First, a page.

We the People: Reflections on the grand jury’s decision in the Garner case

“Darkness cannot drive out darkness: only light can do that. Hate cannot drive out hate: only love can do that.” – Martin Luther King Jr.

A grand jury voted on Wednesday not to indict Daniel Pantaleo for the death of Eric Garner. Mr. Garner, a black man, died while being arrested for selling unlicensed cigarettes on Staten Island. Mr. Pantaleo, a white police officer, pulled Mr. Garner to the ground with an arm across the neck during the arrest.

The fact that there was no indictment does not mean that there was no death or that the death was not a tragedy or that better policies and procedures should not be adopted by the NYPD. It does not mean that the vote of the grand jury was wrong.

The citizens in the grand jury have voted and their work must be respected. The grand jury determines whether the evidence gathered is sufficient for a case to go forward to a criminal trial. In this case, the jurors received a mountain of evidence.

D.A. Donovan stated that investigators conducted “over 38 interviews,” contacted 22 civilian witnesses, interviewed the EMTs, reviewed videotapes and called expert witnesses in forensic pathology and police policy, procedure and training. The grand jurors heard testimony from the police officers involved.

Mr. Donovan said, “I assured the public that I was committed to a fair, thorough and responsible investigation into Mr. Garner’s death, and that I would go wherever the evidence took me, without fear or favor.”

The grand jurors convened to review evidence after the medical examiner ruled the death a homicide caused by a “chokehold” and a compression of the chest. A homicide for the medical examiner is not the same as a homicide for the prosecutor. The grand jury needed sufficient credible evidence of criminal negligence in order to indict for criminally negligent homicide.

That requires proof of a failure “to perceive a substantial and unjustifiable risk” that a person would die from the action taken and that the failure was “a gross deviation from the standard of care that a reasonable person would observe in the situation.” The grand jury did not find sufficient evidence for the charge.

Mayor de Blasio, stated, “Today’s outcome is one that many in our city did not want  … [y]et New York City owns a proud and powerful tradition of expressing ourselves through nonviolent protest.”

The people should have been reminded that the justice system is not wrong merely because a result reached by a grand jury is unpopular. The actions taken right or wrong will be further reviewed by the Department of Justice and the Internal Affairs Bureau and probably a civil jury. They will apply the appropriate scrutiny and different burdens of proof to the evidence which will likely produce a different result.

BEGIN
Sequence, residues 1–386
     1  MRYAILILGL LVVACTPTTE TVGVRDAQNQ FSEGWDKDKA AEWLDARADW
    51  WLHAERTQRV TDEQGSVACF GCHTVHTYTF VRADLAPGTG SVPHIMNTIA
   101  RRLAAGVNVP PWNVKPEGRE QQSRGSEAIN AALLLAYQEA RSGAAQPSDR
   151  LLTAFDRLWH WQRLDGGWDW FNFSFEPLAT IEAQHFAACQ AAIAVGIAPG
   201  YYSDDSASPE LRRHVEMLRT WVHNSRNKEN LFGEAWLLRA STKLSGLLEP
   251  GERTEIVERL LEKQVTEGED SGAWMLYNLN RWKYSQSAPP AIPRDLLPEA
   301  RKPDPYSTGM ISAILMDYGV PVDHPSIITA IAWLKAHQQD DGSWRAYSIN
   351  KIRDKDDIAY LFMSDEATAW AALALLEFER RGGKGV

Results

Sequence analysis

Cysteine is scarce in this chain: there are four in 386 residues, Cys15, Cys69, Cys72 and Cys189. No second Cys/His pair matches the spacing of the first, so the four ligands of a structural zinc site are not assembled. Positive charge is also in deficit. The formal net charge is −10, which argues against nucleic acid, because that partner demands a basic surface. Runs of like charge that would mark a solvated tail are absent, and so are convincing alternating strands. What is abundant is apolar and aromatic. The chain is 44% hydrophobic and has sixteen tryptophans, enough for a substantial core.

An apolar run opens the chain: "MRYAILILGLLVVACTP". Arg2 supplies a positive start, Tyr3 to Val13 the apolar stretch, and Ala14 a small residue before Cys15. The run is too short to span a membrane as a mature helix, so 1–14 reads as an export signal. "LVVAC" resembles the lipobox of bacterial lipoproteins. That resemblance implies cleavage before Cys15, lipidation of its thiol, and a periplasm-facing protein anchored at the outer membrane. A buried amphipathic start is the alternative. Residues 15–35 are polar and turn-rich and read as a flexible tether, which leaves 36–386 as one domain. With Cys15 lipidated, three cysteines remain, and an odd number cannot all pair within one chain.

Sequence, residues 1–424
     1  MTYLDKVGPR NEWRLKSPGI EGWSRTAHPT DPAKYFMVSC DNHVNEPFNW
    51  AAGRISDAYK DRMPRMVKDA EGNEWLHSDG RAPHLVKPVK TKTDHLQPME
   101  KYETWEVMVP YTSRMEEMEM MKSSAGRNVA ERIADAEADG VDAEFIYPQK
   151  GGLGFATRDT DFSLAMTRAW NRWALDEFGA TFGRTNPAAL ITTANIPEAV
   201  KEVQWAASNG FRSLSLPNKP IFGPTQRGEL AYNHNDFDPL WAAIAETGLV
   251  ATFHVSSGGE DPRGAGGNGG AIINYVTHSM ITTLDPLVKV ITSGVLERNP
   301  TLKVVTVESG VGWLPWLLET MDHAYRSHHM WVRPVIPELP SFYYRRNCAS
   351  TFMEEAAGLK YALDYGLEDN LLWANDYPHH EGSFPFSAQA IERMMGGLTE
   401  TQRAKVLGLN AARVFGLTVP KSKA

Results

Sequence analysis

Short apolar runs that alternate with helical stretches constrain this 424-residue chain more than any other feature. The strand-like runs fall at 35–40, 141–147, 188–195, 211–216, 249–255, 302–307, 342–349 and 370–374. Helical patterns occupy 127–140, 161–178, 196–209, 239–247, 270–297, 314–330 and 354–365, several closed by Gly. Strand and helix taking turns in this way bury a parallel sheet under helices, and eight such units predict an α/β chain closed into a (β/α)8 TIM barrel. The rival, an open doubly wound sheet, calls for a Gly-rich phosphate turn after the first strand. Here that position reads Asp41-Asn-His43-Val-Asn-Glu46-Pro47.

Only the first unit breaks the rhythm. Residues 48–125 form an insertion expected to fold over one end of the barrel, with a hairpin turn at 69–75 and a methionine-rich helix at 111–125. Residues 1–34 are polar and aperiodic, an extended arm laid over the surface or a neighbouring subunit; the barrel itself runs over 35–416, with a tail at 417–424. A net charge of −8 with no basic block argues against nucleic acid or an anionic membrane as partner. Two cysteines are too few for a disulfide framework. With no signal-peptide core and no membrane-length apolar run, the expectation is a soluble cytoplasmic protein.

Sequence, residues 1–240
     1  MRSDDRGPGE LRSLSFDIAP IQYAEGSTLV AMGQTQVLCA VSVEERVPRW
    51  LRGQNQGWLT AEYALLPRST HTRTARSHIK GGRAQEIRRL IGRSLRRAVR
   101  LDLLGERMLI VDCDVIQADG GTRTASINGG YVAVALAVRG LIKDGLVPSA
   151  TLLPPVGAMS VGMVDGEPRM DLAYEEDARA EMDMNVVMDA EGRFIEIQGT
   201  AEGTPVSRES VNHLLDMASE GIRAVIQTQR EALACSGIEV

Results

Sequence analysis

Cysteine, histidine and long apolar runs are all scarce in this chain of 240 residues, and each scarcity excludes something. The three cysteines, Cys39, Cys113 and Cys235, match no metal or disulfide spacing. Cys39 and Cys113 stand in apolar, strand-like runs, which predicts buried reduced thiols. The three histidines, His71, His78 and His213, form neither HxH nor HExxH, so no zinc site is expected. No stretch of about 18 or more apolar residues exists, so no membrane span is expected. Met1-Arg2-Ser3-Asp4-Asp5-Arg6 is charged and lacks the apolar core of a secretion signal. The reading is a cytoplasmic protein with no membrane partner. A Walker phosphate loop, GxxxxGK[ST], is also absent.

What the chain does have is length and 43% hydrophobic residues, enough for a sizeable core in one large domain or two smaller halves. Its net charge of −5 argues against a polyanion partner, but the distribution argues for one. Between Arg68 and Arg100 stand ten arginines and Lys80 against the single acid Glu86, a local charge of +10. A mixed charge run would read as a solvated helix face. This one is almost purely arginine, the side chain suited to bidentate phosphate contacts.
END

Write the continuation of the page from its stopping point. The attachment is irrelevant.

Pat Lynch, the president of the PBA, held a press conference and complained that the press and the public have forgotten that police officers are citizens too and deserve the same presumption of innocence and equal treatment under the law given to all citizens.

He reminded the mayor that the police need the support of the community and its leaders in order to do a good job. He challenged the mayor to give a clear direction to the NYPD: if police officers are expected to do less or be less active in enforcing the law then the mayor should give them that mandate.

We should have sympathy for the death of Mr. Garner and empathy for any citizen who feels that the police have a predisposition to give a person accused of a crime less than fair treatment. We must work together to guarantee every citizen an America where all people are treated equally and believe they shall be treated equally under the law. Period.

The Reverend Al Sharpton, said, “I think you can see, we have no confidence in the state grand juries, whether in Ferguson or in New York, because there is an intrinsic relationship between state prosecutors and the police.”

The insinuation that a political conspiracy undermines the integrity of the grand jury system is ludicrous. It is an appeal to negative emotion designed to engender hate.

Our city needs a reminder we all share similar dreams: to love our families and friends and to live in peace. Mayor de Blasio and other leaders should spread that message of light which will lead the way to a better community.

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